This paper investigates the problem of model selection and testing in decision theory. We consider a consumption space equipped with an endogenous notion of ‘abstract numeraire,’ and characterize those preferences for which the quantity of numeraire needed to compensate an agent between a pair of alternatives provides a consistent, cardinal measure of the magnitude of preference. This framework includes all quasilinear or homothetic preferences on classical consumption spaces, stationary preferences over dated rewards, von Neumann-Morgenstern preferences on lottery spaces, and a wide range of preferences over monetary acts, including those represented by subjective expected utility, Choquet expected utility, maxmin expected utility, variational, and dual-self functionals. For data consisting of observed or experimentally elicited compensation differences, we show a simple least-squares methodology provides a systematic means of estimating the ‘best-fit’ preferences for an inconsistent data set from a given model, and allows for meaningful comparisons of goodness of fit across models. In the presence of cross-sectional data, our approach allows for nonparametric statistical testing of rationalizability at the population level.
We analyze mergers and entry in a differentiated products oligopoly model of price competition. Any merger that does not yield efficiencies is unprofitable if it induces entry sufficient to preserve pre-merger consumer surplus. Thus, mergers occur in equilibrium only if barriers limit entry. Mergers that increase consumer surplus can occur in equilibrium for specific magnitudes of efficiencies and post-merger entry, and these combinations are identified from pre-merger market shares. The entry costs that would rationalize post-merger entry similarly can be bounded using pre-merger market shares. An application to the T-Mobile/Sprint merger illustrates the theoretical framework.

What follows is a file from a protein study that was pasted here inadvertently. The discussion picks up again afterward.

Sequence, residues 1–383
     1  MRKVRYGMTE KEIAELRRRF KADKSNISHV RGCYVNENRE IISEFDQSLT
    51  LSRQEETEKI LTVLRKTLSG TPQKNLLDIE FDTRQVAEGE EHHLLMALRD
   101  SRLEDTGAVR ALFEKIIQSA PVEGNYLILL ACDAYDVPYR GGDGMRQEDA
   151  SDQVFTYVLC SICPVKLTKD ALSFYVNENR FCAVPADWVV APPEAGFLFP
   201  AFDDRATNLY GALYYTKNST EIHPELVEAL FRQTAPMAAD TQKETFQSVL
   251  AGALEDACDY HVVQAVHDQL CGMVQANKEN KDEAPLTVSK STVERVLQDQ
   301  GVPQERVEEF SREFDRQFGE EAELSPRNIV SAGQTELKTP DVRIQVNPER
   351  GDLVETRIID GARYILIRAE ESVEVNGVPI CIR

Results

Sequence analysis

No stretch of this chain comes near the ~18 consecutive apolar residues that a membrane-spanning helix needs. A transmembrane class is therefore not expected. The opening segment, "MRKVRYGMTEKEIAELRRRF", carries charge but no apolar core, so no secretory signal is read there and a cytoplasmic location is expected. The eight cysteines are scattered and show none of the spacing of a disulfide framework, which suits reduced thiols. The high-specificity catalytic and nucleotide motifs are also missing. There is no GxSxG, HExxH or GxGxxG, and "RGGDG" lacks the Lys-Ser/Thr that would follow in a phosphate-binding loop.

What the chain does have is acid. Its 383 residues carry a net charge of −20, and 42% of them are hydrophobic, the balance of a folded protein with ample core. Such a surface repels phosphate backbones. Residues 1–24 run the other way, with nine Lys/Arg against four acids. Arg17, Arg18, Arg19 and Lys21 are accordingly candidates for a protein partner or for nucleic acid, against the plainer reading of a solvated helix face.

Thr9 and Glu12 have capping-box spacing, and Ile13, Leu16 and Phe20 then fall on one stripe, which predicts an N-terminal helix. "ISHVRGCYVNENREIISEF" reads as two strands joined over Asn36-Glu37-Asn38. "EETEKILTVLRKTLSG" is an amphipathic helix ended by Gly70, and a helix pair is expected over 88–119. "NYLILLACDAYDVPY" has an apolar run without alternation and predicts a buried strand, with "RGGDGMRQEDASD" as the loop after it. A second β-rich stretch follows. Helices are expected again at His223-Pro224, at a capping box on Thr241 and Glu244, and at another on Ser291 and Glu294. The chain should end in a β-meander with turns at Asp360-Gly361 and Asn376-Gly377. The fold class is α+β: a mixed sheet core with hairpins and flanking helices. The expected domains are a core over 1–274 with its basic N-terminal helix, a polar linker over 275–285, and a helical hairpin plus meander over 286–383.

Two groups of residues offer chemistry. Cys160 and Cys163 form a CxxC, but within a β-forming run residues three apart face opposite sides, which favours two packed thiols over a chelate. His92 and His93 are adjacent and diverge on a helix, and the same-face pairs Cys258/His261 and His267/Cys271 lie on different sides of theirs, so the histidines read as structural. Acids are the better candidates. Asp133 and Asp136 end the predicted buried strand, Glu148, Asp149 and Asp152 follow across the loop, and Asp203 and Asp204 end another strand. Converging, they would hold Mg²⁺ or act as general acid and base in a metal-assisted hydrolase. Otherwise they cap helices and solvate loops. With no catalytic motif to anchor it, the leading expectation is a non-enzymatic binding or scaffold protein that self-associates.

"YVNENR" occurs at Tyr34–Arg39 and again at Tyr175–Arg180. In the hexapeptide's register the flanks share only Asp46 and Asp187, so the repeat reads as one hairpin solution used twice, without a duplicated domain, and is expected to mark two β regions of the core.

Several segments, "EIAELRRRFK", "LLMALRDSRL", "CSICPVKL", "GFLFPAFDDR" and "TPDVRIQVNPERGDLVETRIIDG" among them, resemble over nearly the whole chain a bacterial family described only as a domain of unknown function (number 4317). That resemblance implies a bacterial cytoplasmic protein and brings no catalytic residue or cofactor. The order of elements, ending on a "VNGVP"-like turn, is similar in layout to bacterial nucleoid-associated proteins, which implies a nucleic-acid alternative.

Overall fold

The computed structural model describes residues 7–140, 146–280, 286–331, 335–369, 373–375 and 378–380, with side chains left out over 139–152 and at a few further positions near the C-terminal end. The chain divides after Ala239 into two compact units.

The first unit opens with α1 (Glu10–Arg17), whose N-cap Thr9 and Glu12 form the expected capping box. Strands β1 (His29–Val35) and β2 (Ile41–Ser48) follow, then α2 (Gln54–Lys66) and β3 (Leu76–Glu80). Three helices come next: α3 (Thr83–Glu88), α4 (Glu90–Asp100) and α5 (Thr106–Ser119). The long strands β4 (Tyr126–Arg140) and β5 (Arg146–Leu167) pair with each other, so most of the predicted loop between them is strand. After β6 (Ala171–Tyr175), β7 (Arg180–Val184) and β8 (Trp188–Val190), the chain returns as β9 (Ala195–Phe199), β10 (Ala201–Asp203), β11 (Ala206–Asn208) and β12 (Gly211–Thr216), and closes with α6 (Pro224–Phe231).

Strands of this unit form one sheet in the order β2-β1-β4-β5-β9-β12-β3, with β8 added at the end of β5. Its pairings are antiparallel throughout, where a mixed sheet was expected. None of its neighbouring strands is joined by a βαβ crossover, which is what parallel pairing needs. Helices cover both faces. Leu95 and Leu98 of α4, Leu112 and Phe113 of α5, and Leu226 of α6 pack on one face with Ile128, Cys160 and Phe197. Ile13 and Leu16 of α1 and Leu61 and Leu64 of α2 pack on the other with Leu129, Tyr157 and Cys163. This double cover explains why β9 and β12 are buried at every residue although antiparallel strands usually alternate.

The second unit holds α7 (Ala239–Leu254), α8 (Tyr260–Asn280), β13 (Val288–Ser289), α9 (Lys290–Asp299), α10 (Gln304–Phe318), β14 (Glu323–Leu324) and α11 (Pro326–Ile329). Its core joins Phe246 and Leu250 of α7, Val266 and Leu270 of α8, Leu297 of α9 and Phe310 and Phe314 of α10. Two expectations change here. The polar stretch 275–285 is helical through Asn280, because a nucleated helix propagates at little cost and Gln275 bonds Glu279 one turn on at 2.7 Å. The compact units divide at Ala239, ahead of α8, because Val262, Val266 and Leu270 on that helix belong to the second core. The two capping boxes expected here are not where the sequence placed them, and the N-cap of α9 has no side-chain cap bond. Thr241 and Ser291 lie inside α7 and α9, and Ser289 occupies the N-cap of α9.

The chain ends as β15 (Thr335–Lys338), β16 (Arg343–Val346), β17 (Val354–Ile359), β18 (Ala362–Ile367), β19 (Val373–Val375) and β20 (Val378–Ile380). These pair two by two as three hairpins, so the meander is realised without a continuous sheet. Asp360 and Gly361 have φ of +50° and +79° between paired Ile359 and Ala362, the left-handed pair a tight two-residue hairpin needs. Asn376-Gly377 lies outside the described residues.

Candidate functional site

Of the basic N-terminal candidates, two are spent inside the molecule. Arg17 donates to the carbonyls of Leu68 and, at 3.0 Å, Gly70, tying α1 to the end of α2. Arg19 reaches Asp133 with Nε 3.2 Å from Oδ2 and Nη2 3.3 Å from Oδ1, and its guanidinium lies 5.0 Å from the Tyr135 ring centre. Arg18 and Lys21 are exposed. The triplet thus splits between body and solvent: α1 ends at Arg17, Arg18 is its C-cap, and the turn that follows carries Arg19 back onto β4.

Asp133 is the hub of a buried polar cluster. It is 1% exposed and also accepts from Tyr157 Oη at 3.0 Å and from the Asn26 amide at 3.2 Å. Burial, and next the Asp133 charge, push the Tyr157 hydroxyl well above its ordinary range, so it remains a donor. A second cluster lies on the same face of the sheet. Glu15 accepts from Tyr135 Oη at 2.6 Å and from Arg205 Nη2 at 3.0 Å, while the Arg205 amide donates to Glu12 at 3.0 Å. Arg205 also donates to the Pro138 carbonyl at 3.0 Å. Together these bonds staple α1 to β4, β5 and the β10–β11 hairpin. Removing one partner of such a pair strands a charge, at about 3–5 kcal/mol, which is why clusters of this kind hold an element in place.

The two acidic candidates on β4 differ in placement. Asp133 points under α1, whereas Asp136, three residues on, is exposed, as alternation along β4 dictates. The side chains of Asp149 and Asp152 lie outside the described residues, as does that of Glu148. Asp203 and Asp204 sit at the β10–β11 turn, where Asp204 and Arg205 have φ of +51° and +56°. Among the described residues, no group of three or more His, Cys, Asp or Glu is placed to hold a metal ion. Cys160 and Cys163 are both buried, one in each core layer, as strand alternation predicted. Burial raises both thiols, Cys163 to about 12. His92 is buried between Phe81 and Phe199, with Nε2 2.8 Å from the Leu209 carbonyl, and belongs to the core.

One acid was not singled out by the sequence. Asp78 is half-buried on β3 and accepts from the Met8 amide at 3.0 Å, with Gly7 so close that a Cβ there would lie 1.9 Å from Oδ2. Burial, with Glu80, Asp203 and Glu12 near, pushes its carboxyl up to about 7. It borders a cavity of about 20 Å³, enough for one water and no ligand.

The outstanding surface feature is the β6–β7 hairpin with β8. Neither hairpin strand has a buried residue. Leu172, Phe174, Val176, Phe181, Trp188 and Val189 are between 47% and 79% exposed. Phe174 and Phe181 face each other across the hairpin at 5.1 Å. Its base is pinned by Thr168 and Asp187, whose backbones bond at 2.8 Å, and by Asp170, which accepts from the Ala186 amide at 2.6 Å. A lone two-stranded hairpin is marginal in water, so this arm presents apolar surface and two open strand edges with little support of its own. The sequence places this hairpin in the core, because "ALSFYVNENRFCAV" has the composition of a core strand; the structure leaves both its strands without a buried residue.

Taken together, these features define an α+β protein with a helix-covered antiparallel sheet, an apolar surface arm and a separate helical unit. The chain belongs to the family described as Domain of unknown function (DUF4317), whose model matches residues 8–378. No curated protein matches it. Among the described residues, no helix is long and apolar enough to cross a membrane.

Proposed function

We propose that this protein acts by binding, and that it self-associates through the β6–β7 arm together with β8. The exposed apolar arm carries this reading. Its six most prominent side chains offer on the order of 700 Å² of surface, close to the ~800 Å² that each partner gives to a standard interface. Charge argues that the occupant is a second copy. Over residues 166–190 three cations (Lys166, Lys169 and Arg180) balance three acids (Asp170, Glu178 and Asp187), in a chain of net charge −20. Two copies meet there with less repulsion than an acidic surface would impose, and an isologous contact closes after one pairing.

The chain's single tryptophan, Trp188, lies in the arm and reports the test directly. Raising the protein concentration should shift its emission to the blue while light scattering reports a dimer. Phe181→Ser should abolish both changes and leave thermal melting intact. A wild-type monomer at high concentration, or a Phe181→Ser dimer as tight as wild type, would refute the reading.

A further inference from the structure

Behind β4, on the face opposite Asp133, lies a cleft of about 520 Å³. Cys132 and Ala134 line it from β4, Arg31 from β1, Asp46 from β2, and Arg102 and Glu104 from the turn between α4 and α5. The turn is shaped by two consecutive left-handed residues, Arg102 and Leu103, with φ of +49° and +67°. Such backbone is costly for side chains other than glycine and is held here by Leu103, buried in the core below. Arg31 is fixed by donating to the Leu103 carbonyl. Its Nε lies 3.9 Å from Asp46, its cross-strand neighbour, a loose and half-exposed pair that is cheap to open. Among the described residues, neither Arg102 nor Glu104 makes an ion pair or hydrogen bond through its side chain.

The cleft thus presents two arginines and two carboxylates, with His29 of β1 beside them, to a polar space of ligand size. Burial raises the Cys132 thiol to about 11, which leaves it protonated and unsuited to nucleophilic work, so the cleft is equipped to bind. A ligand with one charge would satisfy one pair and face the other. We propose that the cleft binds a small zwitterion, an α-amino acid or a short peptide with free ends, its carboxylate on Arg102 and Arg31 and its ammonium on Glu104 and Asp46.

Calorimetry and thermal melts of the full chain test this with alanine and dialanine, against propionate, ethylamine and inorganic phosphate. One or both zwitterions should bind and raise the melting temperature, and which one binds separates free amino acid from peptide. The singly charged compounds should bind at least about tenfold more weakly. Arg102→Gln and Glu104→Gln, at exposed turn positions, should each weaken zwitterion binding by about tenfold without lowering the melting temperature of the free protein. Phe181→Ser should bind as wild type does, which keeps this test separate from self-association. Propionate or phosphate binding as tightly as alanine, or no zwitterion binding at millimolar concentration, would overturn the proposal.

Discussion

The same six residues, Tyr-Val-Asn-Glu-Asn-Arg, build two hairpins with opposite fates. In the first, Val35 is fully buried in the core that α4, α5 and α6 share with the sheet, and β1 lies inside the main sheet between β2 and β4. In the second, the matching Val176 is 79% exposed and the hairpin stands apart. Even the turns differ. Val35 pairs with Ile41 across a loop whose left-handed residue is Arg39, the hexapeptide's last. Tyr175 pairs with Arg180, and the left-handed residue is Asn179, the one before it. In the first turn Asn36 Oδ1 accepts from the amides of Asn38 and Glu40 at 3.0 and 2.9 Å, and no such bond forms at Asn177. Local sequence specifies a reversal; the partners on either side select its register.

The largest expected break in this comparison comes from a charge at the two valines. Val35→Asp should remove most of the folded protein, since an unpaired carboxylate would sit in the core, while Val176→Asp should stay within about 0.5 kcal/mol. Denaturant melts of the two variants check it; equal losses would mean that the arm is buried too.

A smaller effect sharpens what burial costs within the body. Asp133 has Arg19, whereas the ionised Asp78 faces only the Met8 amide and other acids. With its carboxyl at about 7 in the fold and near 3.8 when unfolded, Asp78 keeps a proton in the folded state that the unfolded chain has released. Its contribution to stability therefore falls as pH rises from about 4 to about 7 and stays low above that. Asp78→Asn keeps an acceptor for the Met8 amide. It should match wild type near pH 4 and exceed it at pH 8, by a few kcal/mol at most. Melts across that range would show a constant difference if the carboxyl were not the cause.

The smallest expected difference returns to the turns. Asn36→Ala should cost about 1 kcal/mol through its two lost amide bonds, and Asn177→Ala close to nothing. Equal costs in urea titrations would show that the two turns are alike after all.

Cycles in revealed preference data are often interpreted as fundamental units of choice-theoretic inconsistency. We fully characterize the manner in which the structure of a choice environment can lead to non-trivial dependence relations between cyclic choice patterns in data. We show that for any finite data set, while there may not be a unique maximal independent collection of choice cycles that explain the entirety of the inconsistency, the size of any such collection of cycles is well-defined. We utilize this to provide a means of controlling for the influence of experimental structure in the construction of inconsistency indices for choice data.
We investigate the manner in which the power of the weak axiom of revealed preference is affected by the completeness of the choice environment. We fully characterize those domains on which the weak axiom coincides with strong rationalizability for arbitrary choice correspondences. We also provide a related result that characterizes those domains on which the strong rationalizability of a choice correspondence is equivalent to (i) the satisfaction of the weak axiom, and (ii) the strong rationalizability of its restrictions to suitable collections of small sets. Our proof technique involves a generalization of many of the differential concepts of classical demand theory to the abstract choice model. We conclude with an application to the problem of aggregating incomplete preferences.